When an individual comes into money, whether it was bequeathed to them or they acquired it from selling their own assets, they need to adjust their current financial plan, or come up with a new plan altogether if they did not have an existing one. One financial option is investing in a term deposit.
To answer the question, ‘what is a term deposit?’, a term deposit is a type of investment plan in which a customer invests a lump sum of money into a bank or financial institution for a predetermined amount of time, for a fixed interest rate. With most term deposits, the customer cannot access the money they invested until the chosen length of time is up. When the time is up, the customer acquires the interest on the amount of money they deposited.
Interest rates may be determined by the length of the term deposit, the size of the deposit, and how frequently interest payments have to be made, among other things. Because of these factors, a customer that has a term deposit that requires them to make more frequent interest repayments may pay at a lower interest rate compared to a customer who makes less frequent interest repayments.
The length of most term deposits is usually between one month, at the shortest, to five years, although customers can choose other options for the length of times and fixed interest rates. In the event that a customer wants or needs to access their money prematurely, and attempts to do so, they may be required to pay costs.
Why Invest in a Term Deposit?
When considering to invest in a term deposit, customers should already have an idea of how long they intend to invest and at what rate, whether or not the interest would be paid at intervals, such as every month or every quarter, or if it would be paid at the closing of the term. From there, a customer would have to decide if their money will be automatically rolled over and reinvested in another term deposit, or if they will have it transferred to a bank account.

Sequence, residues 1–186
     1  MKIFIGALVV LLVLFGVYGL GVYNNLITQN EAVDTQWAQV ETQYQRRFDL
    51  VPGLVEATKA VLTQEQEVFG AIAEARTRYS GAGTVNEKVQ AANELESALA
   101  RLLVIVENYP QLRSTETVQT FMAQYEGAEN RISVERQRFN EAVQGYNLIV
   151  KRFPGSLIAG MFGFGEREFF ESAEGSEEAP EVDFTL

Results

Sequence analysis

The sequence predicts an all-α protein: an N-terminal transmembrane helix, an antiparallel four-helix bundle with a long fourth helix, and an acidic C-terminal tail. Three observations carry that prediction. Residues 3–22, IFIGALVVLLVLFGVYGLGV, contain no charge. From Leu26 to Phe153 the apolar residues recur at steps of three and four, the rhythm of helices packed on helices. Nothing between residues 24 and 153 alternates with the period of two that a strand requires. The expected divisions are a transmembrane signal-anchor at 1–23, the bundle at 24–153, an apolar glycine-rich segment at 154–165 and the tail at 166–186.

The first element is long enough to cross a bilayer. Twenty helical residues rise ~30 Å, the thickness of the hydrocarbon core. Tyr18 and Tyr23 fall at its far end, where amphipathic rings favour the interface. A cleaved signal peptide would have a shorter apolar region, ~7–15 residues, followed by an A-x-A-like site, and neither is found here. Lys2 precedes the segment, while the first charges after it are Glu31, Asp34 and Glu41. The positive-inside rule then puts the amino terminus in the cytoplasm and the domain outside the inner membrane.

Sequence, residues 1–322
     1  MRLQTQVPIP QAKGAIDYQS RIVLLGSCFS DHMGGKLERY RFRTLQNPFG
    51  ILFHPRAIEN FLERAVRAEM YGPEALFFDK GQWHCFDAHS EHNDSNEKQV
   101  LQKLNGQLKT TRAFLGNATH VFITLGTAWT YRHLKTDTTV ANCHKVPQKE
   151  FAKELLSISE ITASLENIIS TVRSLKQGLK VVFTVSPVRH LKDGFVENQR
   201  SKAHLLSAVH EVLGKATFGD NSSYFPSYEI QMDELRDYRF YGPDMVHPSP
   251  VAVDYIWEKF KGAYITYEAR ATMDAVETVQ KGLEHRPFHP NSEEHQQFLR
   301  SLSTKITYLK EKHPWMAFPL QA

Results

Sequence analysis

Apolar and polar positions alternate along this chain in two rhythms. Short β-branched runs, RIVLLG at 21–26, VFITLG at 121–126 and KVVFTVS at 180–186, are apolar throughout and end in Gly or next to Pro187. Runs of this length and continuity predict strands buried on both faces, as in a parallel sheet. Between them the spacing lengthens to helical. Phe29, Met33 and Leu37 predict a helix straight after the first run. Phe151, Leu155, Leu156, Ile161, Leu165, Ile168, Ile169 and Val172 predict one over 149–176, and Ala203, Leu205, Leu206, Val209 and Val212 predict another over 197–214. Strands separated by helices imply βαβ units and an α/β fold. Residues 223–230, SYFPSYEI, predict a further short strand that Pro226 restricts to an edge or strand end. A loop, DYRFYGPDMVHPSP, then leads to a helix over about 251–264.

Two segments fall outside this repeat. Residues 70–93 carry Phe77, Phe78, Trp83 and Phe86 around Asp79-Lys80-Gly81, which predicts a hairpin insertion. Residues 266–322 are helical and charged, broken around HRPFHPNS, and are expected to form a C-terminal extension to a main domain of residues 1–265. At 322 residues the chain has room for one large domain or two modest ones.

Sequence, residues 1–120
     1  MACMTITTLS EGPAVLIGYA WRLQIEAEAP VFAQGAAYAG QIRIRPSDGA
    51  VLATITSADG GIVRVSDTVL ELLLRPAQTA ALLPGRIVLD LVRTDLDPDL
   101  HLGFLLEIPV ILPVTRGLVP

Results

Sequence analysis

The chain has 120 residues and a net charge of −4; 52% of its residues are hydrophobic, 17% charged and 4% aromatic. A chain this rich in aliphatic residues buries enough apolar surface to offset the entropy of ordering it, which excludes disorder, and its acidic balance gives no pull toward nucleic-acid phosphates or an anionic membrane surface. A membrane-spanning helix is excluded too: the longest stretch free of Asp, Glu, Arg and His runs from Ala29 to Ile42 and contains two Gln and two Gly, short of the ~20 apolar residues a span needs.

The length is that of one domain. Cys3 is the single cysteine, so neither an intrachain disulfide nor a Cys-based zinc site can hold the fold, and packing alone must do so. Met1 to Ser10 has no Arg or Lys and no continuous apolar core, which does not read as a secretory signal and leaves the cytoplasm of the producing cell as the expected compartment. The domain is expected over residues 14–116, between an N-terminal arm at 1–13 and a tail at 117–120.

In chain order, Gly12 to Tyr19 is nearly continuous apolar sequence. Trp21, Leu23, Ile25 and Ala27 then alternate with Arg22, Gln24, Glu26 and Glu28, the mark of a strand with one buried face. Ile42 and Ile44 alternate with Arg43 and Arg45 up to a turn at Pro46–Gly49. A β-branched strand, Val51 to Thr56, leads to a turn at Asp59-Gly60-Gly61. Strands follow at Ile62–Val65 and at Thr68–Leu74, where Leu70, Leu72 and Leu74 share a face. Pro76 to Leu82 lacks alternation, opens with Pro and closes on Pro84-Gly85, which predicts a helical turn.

Individuals who decide to invest in a term deposit tend to do so because they find the fixed interest rates attractive compared to the fluctuating interest rates of savings accounts. Additionally, with term deposits, there are typically no fees to pay upfront or down the road until the investment reaches maturity.
When investing in a term deposit, the customer has a government guarantee of $250,000. In the event of disaster or collapse of an authorized deposit-taking institution (ADI) that the customer was banking with, the customer could recover as much as $250,000 of their deposited money from the government. This guarantee helps term deposits gain their reputation as having little to no risks.
Security of Term Deposits
The guarantee from the Australian government is the main aspect of term deposits that demonstrate how safe they are. Another important aspect of term deposits that make them a safe investment is that they are not only stable, they also have access restrictions. The customer cannot prematurely access their money, and may only be allowed to do so if they pay to do so. If the owner of the money cannot access the money for themselves, it is unlikely for anyone else to gain access to it, so customers do not have to worry about their money being stolen or going missing. A term deposit is a secure, reliable financial option that keeps a customer’s money safe and removes the temptation of spending it and unnecessarily splurging.